The highway system opened the door for suburban development. The Interstates blew the door off its hinges. The Federal Interstate Act of 1956 kicked off an era of high speed, high volume automotive traffic. These efficient asphalt rivers reduced the relative distance between fringe communities and the central cities.
During the early auto era growth favored the western Twin Cities. However, in the advanced auto era the northern suburbs would eventually find themselves in the lead. Interstates would facilitate unprecedented population growth and development. The relatively undeveloped land of the northern suburbs would provide an attractive clean slate for developers to meet the latest desires of consumers and home buyers.
During the wagon/horse era, locations on wide navigable sections of river or near waterfalls assumed the greatest situational advantage for commercial development. During the railroad era, towns connected to the rail network, especially at an intersection of lines, assumed the greatest advantage. During the early auto era, stretches of highway with high traffic volume, especially on the edge of Minneapolis/St. Paul and between the booming suburbs, were the most advantageous. In the advanced auto era, interstate exit ramps, and most advantageously, intersections of another interstate or major highways, defined development hot spots.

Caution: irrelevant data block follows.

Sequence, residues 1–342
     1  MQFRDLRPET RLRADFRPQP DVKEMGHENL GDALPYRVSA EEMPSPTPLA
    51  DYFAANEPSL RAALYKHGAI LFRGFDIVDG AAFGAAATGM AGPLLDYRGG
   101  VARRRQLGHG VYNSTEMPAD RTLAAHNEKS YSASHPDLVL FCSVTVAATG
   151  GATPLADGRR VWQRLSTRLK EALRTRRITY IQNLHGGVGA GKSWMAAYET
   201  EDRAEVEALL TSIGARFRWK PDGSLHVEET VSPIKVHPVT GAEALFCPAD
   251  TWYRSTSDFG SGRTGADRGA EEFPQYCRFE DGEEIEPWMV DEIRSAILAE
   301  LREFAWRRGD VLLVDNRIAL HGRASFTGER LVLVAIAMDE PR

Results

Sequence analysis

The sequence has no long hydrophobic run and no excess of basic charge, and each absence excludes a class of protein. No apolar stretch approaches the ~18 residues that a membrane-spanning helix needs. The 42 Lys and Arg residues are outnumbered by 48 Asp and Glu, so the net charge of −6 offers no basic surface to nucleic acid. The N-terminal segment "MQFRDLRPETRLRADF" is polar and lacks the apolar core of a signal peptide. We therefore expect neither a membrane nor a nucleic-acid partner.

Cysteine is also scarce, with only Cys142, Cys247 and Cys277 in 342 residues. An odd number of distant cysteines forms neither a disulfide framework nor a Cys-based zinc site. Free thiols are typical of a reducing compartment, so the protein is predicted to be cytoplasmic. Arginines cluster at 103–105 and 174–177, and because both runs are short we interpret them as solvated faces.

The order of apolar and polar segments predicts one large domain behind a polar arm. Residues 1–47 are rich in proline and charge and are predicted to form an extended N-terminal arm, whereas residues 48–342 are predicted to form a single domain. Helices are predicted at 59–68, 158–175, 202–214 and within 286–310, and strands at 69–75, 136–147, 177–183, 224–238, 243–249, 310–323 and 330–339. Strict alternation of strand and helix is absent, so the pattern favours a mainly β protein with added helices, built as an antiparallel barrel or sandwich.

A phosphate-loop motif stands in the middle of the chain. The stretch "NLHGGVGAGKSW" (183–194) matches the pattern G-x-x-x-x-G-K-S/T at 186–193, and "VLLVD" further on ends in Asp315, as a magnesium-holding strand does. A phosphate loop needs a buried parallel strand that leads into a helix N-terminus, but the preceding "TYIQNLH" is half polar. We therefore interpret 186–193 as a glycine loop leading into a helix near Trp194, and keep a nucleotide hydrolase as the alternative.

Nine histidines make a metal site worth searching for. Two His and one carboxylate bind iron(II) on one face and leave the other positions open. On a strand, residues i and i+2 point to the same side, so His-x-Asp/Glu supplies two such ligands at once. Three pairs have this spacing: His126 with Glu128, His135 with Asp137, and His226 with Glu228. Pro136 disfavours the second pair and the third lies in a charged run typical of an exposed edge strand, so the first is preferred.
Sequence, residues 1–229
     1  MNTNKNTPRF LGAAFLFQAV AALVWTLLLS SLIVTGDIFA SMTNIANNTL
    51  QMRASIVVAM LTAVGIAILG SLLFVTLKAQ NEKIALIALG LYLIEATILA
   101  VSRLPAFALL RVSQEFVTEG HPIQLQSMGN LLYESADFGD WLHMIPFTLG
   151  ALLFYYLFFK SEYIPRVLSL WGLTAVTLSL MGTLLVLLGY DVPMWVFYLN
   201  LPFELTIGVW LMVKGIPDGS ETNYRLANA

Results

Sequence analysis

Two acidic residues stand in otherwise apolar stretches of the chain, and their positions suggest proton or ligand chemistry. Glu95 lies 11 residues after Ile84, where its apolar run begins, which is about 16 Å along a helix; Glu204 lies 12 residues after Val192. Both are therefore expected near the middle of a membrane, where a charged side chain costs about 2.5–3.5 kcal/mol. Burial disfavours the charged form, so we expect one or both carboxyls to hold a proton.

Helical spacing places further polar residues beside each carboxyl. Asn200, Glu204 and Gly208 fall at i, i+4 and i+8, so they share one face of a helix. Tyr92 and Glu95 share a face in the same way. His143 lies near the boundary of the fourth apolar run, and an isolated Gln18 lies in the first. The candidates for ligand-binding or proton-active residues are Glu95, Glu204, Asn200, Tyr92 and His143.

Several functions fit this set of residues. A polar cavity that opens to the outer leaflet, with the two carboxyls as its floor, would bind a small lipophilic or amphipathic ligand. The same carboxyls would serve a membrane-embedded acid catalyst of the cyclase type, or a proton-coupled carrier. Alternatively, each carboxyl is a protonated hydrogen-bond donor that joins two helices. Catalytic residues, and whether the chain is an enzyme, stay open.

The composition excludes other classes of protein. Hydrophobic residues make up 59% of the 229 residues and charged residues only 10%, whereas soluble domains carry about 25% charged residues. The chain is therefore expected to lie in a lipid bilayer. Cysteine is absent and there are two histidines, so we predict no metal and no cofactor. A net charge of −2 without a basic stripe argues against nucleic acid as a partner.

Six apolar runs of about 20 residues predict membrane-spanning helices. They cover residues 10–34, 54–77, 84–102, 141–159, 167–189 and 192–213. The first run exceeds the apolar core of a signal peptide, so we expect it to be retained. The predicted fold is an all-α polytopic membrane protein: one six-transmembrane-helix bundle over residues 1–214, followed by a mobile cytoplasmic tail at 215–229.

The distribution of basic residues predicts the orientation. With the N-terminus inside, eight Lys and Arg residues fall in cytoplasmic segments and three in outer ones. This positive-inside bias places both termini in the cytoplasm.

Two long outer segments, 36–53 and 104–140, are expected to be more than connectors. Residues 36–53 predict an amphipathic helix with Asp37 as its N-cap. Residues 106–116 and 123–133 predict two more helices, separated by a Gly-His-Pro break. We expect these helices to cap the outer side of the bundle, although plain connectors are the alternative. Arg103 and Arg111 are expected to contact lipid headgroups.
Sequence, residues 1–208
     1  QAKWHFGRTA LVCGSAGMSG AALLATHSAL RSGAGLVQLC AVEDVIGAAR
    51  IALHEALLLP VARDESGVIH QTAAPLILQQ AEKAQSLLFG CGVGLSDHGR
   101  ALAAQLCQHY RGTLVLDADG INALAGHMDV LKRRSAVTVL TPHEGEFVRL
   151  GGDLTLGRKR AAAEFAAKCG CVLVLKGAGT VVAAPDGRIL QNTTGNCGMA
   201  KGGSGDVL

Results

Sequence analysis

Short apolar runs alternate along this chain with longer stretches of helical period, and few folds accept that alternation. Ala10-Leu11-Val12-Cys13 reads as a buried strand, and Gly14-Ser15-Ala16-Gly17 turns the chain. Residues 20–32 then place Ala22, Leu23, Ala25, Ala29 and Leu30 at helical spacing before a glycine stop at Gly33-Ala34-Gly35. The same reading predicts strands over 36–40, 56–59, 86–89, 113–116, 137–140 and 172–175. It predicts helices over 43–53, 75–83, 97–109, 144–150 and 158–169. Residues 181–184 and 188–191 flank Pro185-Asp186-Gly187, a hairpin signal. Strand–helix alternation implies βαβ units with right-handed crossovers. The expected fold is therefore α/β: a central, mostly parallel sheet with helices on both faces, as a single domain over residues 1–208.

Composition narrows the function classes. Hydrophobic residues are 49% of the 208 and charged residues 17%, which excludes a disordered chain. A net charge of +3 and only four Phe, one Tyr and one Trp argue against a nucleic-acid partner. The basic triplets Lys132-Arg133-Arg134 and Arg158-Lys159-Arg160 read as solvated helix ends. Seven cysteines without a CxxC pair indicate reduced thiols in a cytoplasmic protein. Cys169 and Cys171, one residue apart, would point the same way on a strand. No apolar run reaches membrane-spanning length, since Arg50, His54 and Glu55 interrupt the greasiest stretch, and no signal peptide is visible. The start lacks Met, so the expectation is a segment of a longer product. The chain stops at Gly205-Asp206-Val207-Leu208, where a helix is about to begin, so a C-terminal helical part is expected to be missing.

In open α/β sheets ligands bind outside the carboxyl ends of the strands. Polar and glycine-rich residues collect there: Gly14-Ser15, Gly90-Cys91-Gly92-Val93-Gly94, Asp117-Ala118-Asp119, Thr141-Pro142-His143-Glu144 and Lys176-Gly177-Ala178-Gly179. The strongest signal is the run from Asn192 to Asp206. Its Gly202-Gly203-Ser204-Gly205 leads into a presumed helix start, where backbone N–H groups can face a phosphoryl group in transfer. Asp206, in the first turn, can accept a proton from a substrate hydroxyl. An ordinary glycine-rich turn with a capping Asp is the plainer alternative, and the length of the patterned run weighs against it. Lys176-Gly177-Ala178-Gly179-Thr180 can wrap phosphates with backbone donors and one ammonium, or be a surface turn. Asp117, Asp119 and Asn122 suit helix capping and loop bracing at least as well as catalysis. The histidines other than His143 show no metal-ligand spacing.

Whereas Anoka held an outright advantage over its neighboring suburbs during the railroad era, Highway 10 and 169 encouraged development in the southern edges of the northern suburbs. The northern expansion of I-35 in the mid 1970s (along Blaine’s eastern border) gave Blaine and other suburbs along I-35′s path new opportunities. Intersected by Highway 65 and adjacent to the new and improved Highway 10, Blaine sits at a particularly advantageous location.